Did you know ductless heating cuts your energy bill in half, and in the summer, your energy bill will be 30% less with ductless cooling? Ductless heating and cooling systems allow for different temperatures for each room in your room and are energy-efficient.
How does ductless heating and cooling work? Keep reading, and we will guide you through how the ductless heating and cooling systems work and its benefits.
When to Go Ductless
Ductless heating and air conditioning systems consist of a wall-mounted indoor unit with an outdoor compressor. These systems are less visible and audible.
You lose 25% of your energy to ductwork, so removing the ducts in these systems creates a more energy-efficient system.
Ductless heating and air conditioning have started to become more common, especially in the following situations:
- Homes that have expensive electric heat bills that also need air conditioning
- Older homes that have never had central air conditioning, so there is no ductwork
- If you build an addition onto your room, extending ductwork isn’t always feasible
- Rooms you don’t often use (you can turn off the indoor unit and save more money)
- New homes in areas where the fuel cost is high
If you aren’t sure what you’re looking for and want to look through all options, we offer a selection of central heating and cooling systems to ductless.
Even if you don’t fall into one of the situations listed above, ductless heating and cooling may be the right option for you; it depends on the structure of your home.
How Does Ductless Heating and Cooling Work?
Ductless air conditioners or “mini-split ACs” cool down your home or office the same way that central air does. They take the warm in, absorb it, and release the heat and moisture outside.
The difference between ductless and central HVAC systems is how they cool or heat the room.
A ductless air conditioner blows cold air directly into one room or area. Central air blows cold air into a system of ducts, and those ducts spread the air throughout the home or space.
Ductless ACs don’t need air ducts because their job is to only cold one room, in comparison to central air, where their job is to cool the whole house and maintain the same amount of air temperature throughout.
There are three main parts to ductless AC units:
- Blower/Evaporator Unit: This is the indoor unit that goes on the wall of the room that it needs to heat or cool. The groups are small, thin, and usually 3′ long. The unit absorbs the heat and releases it outside and blows cold air into the room.
- Conduit: The conduit connects the indoor unit to the outside unit. It’s a cable that has a power cable, refrigerant, and a drain. The cable is what gives both parts inside and outside electrical power and is a pathway for heat and moisture to leave your home.
- Condenser: The outside unit that receives all the heat from your home and then releases it into the outside air.
The reason the units are so energy efficient is that they’re only working to heat or cool one room when central heat or air is working to cool your entire home at the same time.
A ductless heat pump works the same way as the air conditioner, the valve inside the cable allows for the refrigerant to flow in both directions so that you can heat and cool from one system.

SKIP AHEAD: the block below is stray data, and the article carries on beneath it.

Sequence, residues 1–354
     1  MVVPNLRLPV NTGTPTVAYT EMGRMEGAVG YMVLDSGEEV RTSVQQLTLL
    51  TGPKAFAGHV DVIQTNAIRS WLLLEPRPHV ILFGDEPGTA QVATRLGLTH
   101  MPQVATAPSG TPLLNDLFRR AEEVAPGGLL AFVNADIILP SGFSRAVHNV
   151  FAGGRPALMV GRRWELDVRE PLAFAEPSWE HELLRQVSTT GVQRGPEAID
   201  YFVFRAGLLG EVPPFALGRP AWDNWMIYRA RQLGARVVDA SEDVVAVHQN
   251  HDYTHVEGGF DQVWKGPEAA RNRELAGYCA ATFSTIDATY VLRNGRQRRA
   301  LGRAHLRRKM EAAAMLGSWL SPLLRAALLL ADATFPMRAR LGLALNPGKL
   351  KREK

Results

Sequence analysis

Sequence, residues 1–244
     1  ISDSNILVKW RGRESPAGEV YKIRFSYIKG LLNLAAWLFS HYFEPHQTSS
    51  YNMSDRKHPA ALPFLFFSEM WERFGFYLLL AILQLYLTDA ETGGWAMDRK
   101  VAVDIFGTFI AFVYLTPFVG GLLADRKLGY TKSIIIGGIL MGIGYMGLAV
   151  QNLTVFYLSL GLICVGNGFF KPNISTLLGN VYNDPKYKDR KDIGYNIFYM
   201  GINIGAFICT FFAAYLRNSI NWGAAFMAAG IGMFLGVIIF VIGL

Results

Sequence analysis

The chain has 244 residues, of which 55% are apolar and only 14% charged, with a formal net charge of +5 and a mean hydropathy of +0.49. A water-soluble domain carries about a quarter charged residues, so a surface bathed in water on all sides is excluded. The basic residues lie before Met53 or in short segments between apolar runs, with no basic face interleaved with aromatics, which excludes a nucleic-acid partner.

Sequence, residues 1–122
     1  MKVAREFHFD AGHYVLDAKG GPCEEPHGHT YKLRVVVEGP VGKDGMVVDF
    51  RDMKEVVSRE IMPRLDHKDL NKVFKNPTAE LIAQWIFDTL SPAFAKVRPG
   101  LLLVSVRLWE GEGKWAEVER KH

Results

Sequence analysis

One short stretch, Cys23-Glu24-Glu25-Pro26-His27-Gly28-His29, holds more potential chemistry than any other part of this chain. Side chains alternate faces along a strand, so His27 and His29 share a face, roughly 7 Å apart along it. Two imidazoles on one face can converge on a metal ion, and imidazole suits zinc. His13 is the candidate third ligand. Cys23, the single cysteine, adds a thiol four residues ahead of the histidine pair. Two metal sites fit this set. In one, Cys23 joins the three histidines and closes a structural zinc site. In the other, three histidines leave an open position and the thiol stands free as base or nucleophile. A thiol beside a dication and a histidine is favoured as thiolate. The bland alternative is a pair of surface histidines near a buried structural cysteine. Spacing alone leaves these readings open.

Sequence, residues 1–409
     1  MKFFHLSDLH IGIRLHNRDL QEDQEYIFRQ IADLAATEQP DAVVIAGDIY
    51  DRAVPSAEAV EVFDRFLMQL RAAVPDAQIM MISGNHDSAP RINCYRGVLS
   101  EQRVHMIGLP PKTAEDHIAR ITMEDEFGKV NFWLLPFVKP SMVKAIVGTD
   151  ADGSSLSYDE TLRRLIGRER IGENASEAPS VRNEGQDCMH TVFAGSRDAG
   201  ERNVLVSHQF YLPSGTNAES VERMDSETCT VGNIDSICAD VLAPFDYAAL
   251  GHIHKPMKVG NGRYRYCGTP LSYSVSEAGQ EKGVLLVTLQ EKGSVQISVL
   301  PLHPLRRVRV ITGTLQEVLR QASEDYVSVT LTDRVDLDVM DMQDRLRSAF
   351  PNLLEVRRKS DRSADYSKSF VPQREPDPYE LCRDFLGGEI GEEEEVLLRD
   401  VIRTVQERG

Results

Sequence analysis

You can get as many units as you need, and you can also turn off units if you don’t use individual rooms in your house often or if they are already cool or warm and don’t need the extra temperature boost.
Mini-Split vs. Multi-Split
Ductless heating and air systems are in single or multiple zone configurations. The mini-split and multi-split come into play as options here.
Mini-split contains a single indoor fan coil and the outdoor condenser. This pair is useful for cooling one room that has a limited load space. One indoor unit per outdoor unit allows for separate temperature control for each unit, so if one stops working, the rest will still work, and the other areas will remain cool and unaffected.
Multi-split has one outdoor condenser that connects to multiple indoor units. In this scenario, one indoor unit has a thermostat, and when you need everything to be cool, you set the one unit, and all of them activate together.
This is a very cost-effective method, but should only be used in buildings where you want the temperature to be the same across the board.
There are many reasons to buy a ductless heating and cooling system, cutting down your energy bill is a major one.
A few others include:
- Go Green: Ductless units are suitable for the environment because they reduce the work the HVAC system needs to do, which reduces energy expenditure, which is excellent for the environment.
- Quick Installation: Units can be installed on a room-by-room basis, and to put up the units, you need a 3-inch hole, which is very easy and leaves a minimal mark.
- Improve Air Quality: Traditional HVAC systems don’t prevent pollution from the outside coming into your home. Ductless mini-split units have a filter system that keeps out airborne particles.
Get Your Ductless System Today
Now that you can answer the question “how does ductless heating and cooling work?”, you can decide if it’s the right fit for your home.
Ductless heating and air conditioning systems are energy and cost-effective.
These systems are great for the environment and are easy to set up with minimal work done on your home.
Start deciding where to put your ductless units or contact us today with questions about what HVAC system is best for your home!